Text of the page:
Neighbourhood Composition and Educational Aspirations: Heterogeneity, Scaling, and Heterogeneous Scaling of Spatial Effects.

Monday, 16 July 2018: 15:48
Oral Presentation
Andreas HARTUNG, University of Tuebingen, Germany
Steffen HILLMERT, University of Tuebingen, Germany
A central idea of social sciences is that individuals are embedded in influential social contexts. Many relevant contexts can be expected to have spatial reference as far as the interrelationships between individuals are also characterised by physical distance between them.

Contextual effects can be heterogeneous in terms of a “classical” interaction; different groups can be differently exposed to or affected by the mechanisms that mediate particular contextual impacts.

Spatial dimension adds an additional challenge in terms of the scaling of contextual effects; In particular, research on the modifiable areal unit problem (MAUP) has shown that the definition of the area where the explanatory factors are measured typically affects the results, even when the definitions are relatively similar.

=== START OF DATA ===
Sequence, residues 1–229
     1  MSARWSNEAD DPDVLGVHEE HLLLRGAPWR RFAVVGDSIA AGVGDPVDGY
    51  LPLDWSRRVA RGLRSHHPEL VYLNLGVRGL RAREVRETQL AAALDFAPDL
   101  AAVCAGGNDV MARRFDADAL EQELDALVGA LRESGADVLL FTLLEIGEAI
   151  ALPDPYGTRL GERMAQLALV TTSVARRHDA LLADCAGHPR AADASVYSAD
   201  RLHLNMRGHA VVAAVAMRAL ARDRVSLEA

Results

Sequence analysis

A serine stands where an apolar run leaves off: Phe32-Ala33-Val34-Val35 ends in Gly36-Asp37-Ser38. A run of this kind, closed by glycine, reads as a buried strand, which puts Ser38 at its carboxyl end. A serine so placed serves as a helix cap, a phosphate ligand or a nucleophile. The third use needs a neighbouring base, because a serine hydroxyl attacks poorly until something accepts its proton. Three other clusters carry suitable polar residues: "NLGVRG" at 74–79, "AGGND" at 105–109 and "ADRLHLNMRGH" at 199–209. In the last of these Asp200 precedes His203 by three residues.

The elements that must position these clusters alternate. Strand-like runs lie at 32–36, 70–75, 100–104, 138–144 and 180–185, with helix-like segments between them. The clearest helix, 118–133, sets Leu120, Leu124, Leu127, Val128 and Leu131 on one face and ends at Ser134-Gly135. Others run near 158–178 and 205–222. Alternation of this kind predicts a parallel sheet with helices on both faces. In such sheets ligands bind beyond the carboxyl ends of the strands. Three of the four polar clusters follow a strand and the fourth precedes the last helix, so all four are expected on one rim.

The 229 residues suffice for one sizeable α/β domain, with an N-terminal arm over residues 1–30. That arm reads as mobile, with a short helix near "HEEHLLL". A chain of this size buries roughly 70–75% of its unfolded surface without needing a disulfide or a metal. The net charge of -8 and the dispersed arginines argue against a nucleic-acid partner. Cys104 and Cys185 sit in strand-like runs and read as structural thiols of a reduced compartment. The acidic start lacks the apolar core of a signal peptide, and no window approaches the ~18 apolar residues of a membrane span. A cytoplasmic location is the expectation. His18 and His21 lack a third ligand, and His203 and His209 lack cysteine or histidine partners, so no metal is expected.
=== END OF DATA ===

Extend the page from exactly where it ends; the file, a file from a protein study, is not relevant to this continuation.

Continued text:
In addition there might be the combination of both challenges: heterogeneity of scaled effects. It implicates that group specific contextual effects are not varying constantly over the whole geographical scale of measurement but groups show different scale shapes.

The aim of this paper is to address these challenges using the example of the impact of social composition of the close living environment on young people’s educational aspirations. In previous research, neighbourhood conditions have frequently been considered as among the main explanatory factors for educational outcomes.

We make use of ego-centred areas of different radii to measure contextual indicators on different scales and vary effects of the living environment with respect to individual characteristics such as social and migration background. For this purpose we utilise individual data of German Socio-economic Panel combined with georeferenced small-area context information on population’s academic composition. We will present our aggregation approach and provide technical tools developed by our research group (aggind.ado).

We can observe clear associations between the quality of the neighbourhood and academic ambitions; however, only on the close range for non-immigrants from non-academic family background.